Editor’s Note: This is one of a series of posts from guest bloggers discussing topics from this week’s Salzburg Global Forum for Young Cultural Leaders. Leaders from around the world are coming together to discuss issues that are critically important to the cultural sector − how do we create and articulate our value, what is global and what is local today and what is the role of arts organizations in society.
Museums today are visitor-oriented. We study our visitors, survey them, collect zip codes IP addresses, research demographics, tailor tours to state curriculum standards… We create interpretive experiences in multiple languages, for any number of age groups or visitor-types. We are desperate to discover and identify our visitor and their needs. Yet, somehow, we are still failing. Why?
Part of it is the growing diversity of our audience. Whether the visitor comes to us as a tourist, or the exhibition travels to them (in physical or virtual form), we are now in the business of translation. And translation requires more than simply offering the display in several languages. Content must be rethought with an eye for what we take as given, but is completely opaque to someone with a different set of experiences.
Take, for example, a photograph of a family preparing breakfast with fresh fruits, maple syrup, a stack of waffles and a waffle iron. To the average American, this requires little explanation, and one can run right into interpretation. Imagine though, if you were a visitor who had never had a waffle before. You would miss so many cues: that this is likely breakfast, that the mechanical gadget makes the odd lattice-patterned food, that the bowl of tan liquid is not soup but batter, and so on. Google Norman Rockwell and just browse through with an eye to how much they rely on these cultural cues: a police officer’s uniform, iconic diner stools, and more.
Museums have recognized and taken strides to address this. Exhibition text is altered before it travels or the Chinese language track on the audio tour includes a one-sentence history of the waffle. We know that we’re not quite hitting the mark, though, because visitors have multiple identities. Best example? In a museum, which offers tours in five languages, for families, or for seniors… which tour should a German family take? The family tour or the German one? When museums then mourn the lack of resources to create an extra five or ten tours, for senior Spaniards and Italian children, they are reinforcing this visitor demographic obsessed mindset, and locking themselves into inevitable failure.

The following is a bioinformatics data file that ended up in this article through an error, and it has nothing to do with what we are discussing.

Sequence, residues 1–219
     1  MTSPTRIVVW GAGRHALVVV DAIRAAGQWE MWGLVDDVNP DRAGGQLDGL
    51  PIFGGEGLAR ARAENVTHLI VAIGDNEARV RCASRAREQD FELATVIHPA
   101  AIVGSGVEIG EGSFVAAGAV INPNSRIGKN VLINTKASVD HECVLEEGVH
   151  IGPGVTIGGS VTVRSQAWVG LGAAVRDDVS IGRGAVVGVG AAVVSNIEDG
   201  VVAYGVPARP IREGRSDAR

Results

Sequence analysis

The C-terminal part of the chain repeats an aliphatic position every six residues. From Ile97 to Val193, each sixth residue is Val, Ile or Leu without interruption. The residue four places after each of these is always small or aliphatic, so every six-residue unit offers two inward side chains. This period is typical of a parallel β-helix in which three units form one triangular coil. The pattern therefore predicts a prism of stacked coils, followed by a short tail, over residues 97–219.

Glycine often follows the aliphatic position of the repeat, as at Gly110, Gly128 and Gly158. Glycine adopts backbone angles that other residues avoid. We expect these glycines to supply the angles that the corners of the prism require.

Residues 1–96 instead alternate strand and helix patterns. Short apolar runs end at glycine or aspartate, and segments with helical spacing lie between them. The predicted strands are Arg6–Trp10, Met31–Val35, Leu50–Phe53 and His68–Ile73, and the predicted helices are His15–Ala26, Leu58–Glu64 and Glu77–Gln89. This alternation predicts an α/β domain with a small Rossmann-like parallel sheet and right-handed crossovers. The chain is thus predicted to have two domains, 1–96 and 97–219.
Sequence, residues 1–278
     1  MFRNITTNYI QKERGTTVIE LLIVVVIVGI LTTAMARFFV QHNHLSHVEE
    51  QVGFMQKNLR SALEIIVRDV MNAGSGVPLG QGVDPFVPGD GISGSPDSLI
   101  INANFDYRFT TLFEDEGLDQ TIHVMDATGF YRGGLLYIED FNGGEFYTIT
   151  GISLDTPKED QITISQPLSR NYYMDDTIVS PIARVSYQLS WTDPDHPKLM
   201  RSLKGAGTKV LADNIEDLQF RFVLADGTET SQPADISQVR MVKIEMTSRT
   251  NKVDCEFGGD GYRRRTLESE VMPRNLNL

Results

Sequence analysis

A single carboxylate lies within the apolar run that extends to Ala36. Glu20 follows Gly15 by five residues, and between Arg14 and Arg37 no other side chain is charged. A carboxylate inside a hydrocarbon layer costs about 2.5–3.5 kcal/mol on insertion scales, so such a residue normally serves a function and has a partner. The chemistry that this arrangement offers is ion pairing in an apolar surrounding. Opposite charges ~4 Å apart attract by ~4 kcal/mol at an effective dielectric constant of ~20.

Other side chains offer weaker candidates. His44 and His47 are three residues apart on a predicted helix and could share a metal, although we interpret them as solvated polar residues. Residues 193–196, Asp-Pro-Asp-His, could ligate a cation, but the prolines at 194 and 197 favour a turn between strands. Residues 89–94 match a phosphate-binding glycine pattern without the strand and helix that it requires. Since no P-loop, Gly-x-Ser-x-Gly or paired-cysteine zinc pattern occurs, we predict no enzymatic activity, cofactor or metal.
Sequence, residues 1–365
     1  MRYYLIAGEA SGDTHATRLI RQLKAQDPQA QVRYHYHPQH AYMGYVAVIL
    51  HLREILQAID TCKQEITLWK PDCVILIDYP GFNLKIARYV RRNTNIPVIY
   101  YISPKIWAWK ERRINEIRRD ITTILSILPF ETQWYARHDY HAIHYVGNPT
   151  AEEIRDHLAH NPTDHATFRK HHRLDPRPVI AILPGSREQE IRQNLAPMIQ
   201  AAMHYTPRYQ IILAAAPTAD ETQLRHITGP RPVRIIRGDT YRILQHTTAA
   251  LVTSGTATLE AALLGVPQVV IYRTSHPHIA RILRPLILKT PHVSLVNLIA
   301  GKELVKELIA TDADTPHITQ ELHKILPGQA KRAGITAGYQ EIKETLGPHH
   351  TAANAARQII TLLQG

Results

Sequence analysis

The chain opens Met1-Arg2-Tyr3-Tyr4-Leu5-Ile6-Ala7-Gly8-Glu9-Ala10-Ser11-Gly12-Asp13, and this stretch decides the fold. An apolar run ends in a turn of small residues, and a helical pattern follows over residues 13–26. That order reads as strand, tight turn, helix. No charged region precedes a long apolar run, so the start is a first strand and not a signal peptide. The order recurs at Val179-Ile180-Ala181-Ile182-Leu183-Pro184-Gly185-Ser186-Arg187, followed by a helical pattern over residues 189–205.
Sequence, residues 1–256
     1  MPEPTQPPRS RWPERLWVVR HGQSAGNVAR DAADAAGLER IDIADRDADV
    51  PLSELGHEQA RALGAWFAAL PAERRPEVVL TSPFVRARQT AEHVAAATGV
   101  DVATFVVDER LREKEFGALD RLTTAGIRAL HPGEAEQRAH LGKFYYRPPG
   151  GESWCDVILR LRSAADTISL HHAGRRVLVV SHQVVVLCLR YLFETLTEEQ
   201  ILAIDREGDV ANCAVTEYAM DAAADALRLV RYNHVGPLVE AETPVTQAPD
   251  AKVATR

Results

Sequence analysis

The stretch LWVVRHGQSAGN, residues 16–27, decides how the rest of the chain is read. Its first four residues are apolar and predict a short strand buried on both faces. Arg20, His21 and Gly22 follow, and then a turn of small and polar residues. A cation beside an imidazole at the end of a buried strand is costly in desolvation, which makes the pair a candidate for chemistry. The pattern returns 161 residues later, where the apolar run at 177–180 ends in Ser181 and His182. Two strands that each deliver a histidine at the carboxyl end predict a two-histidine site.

Why? Because the new global/local proximity is not only changing which visitors we encounter, it is exercising change on the visitors themselves. The answer we are searching for in our visitor research no longer exists: Take Rachel, a visitor to a small college art museum in Vermont where she was accepted for graduate school.
Rachel currently teaches abroad in France, but is originally from Alaska. However, her most recent US address was in California, where she completed undergrad. Where is she from? What can we assume about her base knowledge, context, or needs?
As the general population becomes more migratory, the problem only magnifies. How many of us attend college outside of our own state? Study abroad? Visit friends who live in another country? Are first generation citizens raised between two cultures? Teach abroad after college? Our addresses, names, races, even ages no longer signify what we have learned or who we have learned it from. For myself, I outwardly look and sound American, having lived in this country on and off since the age of four. My formal education is largely American, down to the state history of Michigan, yet until I became a citizen at age 17, I declined to say the Pledge of Allegiance and my sister refused to check boxes that identified her race as “Caucasian American.” When I return to England, where I am a citizen, it is even more muddled: I know that Shrove Tuesday is pancake day but couldn’t find Leeds on a map to save my life. I could continue with scores of language barriers within a single language, but the point comes across. As visitors become increasingly global, our old concepts of demographics will become ever more obsolete. We are researching a problem without an answer.
So what is the solution? How can we be visitor-oriented when we cannot know our visitor?
Fortunately there are good models out there. We can learn from Wikipedia. Their page on Paul Klee is no different for an art historian than it is for a child. Visitors scaffold their experience as they need or wish to by browsing between articles. All links are equal: there is no path, which is fifth-grade or American, remedial or advanced. We can learn from why StumbleUpon was so successful by asking visitors to choose subjects of interest. How do the levels and demonstrated mastery mechanisms of a game play into this equation? The how is as of yet very much unknown. But it is clear that it must begin by reframing the question, understanding that the local/global shift has thrown our demographic categories out the window. After that, my money is on universal design.